I started my airline career in a small Company, in the cold, distant Patagonia, a reduced group of pilots flying a bunch of turboprops; work and the weather were hard, but union was strong, for some reason still today the pilots that belonged to this defunct airline keep up an especial brotherhood. I still remember a cold night when we were watching the world football cup, the living room of our crash pad was so cold that we gathered all together in a sofa and covered ourselves with a blanket, no distinctions, not three or four stripes.
Attracted by bigger jets and making my path on an aviation career, I moved to a bigger Company, operating several B737’s, 757’s and 767’s. At the beginning many times I regretted my decision. I was just another number on the seniority list, and mine was right at the bottom. Relationships with people was not easy, pilots were coming from different sources, Air Force, Navy, retired from major airlines, etc. and each one had its own way of understanding how to treat a low time Copilot. There was a constant fight for showing who was best among military pilots coming from different origins. Ex-Air Force Captains were good to show how fly by the seat of its pants, ex-Navy skippers were good explaining the scientific part of flight and calculations and old retired Capts were excellent showing tricks of how to get the most of our aircraft.
It took me more than a year to fly with all the Company Captains, until that moment every flight was an appointment with a pilot I never met before. But even having flown with some of them, when I was walking with my Captain to the Ops office and on the way we met another Captain, he completely ignored me and only talk to the other Captain. A big Company, it was a hard way up from being a junior copilot until become a senior one.
Moving from a small, family type, airline to a major one is never easy. People on big Companies forms reduced groups of relationships and the rest is just another work partner. Among all these people, you may find pilots with whom you feel comfortable working with themand someothers withwhich it is noteasy to work; the challenge is to work with the not so easy ones.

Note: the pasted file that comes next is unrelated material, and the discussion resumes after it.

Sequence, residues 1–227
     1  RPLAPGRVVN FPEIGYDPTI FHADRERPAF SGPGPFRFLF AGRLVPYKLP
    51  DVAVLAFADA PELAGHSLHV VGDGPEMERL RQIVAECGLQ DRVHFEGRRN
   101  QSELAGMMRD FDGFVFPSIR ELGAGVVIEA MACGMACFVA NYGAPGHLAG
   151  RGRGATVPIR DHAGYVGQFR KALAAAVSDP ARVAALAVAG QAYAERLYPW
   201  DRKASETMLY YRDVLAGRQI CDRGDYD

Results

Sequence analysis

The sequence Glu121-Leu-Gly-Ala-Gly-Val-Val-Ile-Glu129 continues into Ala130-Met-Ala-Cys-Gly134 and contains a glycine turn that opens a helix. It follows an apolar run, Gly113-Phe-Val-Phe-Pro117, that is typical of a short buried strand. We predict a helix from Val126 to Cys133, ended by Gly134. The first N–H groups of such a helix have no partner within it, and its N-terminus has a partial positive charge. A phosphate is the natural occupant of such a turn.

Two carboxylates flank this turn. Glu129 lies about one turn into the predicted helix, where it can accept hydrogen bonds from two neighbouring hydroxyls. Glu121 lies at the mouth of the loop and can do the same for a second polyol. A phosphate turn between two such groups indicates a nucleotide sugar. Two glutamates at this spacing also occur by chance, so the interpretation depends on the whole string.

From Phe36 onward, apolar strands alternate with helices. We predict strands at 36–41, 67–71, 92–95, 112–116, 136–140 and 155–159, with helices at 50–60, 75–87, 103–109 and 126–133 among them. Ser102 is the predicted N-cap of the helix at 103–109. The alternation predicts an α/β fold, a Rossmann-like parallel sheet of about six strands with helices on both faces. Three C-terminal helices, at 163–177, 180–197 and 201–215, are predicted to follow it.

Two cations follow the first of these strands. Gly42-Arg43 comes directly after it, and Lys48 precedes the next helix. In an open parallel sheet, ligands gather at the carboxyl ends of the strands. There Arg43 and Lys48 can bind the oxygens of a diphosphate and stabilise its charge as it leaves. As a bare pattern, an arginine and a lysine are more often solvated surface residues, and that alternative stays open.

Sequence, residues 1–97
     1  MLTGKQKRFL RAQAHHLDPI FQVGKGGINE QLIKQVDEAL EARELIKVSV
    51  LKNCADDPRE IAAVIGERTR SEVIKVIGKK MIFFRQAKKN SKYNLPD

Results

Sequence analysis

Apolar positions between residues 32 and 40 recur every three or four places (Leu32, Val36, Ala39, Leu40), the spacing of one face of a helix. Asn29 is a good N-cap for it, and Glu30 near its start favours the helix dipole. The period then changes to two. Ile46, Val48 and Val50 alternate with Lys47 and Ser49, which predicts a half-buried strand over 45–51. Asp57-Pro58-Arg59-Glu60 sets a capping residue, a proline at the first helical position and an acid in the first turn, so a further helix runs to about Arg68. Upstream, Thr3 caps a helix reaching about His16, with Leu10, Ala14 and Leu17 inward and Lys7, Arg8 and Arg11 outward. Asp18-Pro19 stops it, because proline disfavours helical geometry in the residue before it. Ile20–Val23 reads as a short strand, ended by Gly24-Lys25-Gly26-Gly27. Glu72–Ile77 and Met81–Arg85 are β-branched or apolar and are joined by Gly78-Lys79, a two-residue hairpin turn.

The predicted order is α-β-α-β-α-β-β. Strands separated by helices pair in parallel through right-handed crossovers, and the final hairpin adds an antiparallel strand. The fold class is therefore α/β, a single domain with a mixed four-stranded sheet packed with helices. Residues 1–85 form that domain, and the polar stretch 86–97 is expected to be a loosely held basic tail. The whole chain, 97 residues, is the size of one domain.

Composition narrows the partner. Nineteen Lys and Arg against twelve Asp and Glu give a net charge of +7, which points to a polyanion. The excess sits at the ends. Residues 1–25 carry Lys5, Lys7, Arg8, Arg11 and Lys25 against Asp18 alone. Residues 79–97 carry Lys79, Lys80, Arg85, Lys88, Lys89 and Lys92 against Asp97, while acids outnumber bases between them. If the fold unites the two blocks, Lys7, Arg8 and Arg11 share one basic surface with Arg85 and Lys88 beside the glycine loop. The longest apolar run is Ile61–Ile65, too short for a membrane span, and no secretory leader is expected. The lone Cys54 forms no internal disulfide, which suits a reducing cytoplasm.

Some pilots have an attitude whose sole purpose seems to be ruins Copilot’s life, many times I asked myself why some guys decided to be pilots. But you have to work with them, keep professional and never argue with a Captain except that your own safety is in danger. If de Captain does not do so, sometimes relax the work environment runs on your own, a good trick to deal with tough guys that worked for me a couple of times is to find what is his/her favorite topic of conversation, everyone likes to talk about something, sports, politics, family, achievements, etc. Without being that copilot that always says “I take the fat one” you can enjoy a good time with your fellow Captain.
Being a Captain today, I can tell you that there are guys with whom I tune better at work, not because we are having fun on the cockpit, simply because together we can achieve the balance of having an enjoyable moment on that tight space that is an aircraft’s flight deck and at same time do a professional job.
We arrive here to the point where some you of will start wondering what a Captain expects from a First Officer? Well, this is not a personal answer but once a colleague and I agree with him: “a smile, a touch of good humor, commonsense and someone I can rely when the chips are down”.